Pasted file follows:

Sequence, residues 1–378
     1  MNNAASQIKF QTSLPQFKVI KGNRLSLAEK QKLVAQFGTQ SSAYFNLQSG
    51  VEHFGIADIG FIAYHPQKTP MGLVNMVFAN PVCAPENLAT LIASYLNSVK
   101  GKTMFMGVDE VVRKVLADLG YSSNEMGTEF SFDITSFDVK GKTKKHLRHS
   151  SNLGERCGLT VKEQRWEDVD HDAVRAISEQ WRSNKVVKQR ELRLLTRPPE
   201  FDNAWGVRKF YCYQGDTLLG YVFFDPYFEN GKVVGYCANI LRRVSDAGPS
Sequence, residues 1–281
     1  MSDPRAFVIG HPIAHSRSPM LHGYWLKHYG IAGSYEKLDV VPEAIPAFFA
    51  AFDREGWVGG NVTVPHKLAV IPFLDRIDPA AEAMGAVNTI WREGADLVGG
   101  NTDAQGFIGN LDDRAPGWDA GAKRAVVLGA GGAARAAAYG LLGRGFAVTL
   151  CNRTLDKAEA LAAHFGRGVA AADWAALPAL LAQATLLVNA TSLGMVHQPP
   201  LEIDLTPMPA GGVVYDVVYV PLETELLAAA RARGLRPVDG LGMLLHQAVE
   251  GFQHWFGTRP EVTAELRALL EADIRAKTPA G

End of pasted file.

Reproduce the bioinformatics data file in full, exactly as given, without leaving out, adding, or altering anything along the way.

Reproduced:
Sequence, residues 1–378
     1  MNNAASQIKF QTSLPQFKVI KGNRLSLAEK QKLVAQFGTQ SSAYFNLQSG
    51  VEHFGIADIG FIAYHPQKTP MGLVNMVFAN PVCAPENLAT LIASYLNSVK
   101  GKTMFMGVDE VVRKVLADLG YSSNEMGTEF SFDITSFDVK GKTKKHLRHS
   151  SNLGERCGLT VKEQRWEDVD HDAVRAISEQ WRSNKVVKQR ELRLLTRPPE
   201  FDNAWGVRKF YCYQGDTLLG YVFFDPYFEN GKVVGYCANI LRRVSDAGPS
Sequence, residues 1–281
     1  MSDPRAFVIG HPIAHSRSPM LHGYWLKHYG IAGSYEKLDV VPEAIPAFFA
    51  AFDREGWVGG NVTVPHKLAV IPFLDRIDPA AEAMGAVNTI WREGADLVGG
   101  NTDAQGFIGN LDDRAPGWDA GAKRAVVLGA GGAARAAAYG LLGRGFAVTL
   151  CNRTLDKAEA LAAHFGRGVA AADWAALPAL LAQATLLVNA TSLGMVHQPP
   201  LEIDLTPMPA GGVVYDVVYV PLETELLAAA RARGLRPVDG LGMLLHQAVE
   251  GFQHWFGTRP EVTAELRALL EADIRAKTPA G